Four blogs, three information flyers, and 25 hard-working volunteers later, my capstone project for the Chesapeake Conservation Corps is complete.
While other visitors to Glen Echo Park were enjoying the Family Day festivities on Saturday, May 3, 25 volunteers donned neon orange and yellow vests in the closed off Living Classroom’s area to help create a native pollinator garden, the first step in the National Park Service's plan to revitalize the park.
Erik Oberg, National Park Service biologist, led the volunteers in different projects. Some volunteers were put to work removing the highly invasive bamboo roots. Although the bamboo shoots had been sprayed with herbicide last spring, the roots themselves were still very much alive and had to be removed to prevent future growth and to ensure adequate space for native plants. The remainder of the volunteers worked on creating two small, brick retaining walls for the native pollinator gardens. Once these were in place, they began planting some of the native plant species.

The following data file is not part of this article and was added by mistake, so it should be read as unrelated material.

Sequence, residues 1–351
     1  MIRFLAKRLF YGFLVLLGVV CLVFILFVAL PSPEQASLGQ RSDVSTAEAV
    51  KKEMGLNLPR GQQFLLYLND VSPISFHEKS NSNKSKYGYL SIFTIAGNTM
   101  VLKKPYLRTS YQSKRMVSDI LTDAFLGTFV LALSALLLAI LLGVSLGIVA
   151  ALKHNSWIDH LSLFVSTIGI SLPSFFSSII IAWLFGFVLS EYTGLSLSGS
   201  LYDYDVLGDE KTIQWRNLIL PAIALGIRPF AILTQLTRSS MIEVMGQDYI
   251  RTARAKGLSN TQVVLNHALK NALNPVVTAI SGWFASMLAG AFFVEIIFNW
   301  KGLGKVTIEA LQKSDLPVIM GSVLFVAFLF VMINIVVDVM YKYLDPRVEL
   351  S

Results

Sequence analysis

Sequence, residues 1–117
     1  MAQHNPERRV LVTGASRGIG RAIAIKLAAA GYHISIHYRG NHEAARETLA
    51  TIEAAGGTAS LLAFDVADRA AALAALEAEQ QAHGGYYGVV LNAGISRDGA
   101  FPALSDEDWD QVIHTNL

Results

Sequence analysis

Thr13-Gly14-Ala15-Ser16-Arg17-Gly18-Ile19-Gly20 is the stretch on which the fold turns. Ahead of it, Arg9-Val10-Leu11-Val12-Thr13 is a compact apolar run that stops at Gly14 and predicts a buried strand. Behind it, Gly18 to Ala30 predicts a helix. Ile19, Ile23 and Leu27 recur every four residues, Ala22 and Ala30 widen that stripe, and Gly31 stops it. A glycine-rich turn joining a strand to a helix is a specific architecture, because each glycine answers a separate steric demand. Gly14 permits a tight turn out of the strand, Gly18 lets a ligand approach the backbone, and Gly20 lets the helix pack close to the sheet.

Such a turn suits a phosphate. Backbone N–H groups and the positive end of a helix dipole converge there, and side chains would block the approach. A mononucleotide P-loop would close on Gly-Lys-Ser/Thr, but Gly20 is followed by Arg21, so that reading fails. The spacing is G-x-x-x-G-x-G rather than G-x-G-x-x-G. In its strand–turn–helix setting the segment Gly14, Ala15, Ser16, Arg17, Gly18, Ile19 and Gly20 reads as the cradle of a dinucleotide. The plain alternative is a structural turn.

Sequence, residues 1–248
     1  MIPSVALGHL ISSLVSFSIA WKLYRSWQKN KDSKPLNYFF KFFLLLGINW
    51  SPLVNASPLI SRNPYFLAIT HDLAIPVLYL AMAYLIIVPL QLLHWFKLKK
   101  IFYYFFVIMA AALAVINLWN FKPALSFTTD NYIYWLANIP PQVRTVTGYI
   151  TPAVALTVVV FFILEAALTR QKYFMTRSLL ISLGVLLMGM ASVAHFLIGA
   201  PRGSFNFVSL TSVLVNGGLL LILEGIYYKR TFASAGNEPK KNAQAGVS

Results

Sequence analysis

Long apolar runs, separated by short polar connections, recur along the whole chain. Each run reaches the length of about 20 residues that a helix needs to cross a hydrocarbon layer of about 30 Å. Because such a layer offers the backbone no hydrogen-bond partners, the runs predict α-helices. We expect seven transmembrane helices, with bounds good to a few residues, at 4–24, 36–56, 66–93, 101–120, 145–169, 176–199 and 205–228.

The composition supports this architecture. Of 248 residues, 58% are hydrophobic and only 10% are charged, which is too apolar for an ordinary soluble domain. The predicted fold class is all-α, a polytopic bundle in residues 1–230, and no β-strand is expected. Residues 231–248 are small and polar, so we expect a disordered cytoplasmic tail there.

Once the retaining wall construction and preliminary plantings are complete, future volunteers will plant more native plant species, creating a fuller garden that is sure to attract and sustain local pollinator populations, such as bees and butterflies.
All in all, the event was a huge success. Thanks to the dedicated volunteers we removed a large amount of the bamboo roots from the Living Classrooms area, completed one garden - including retaining wall construction and planting, and erected a retaining wall for a second garden. Thank you to all those who volunteered their time to make my capstone a success.
-Rebecca Long, Chesapeake Conservation Corps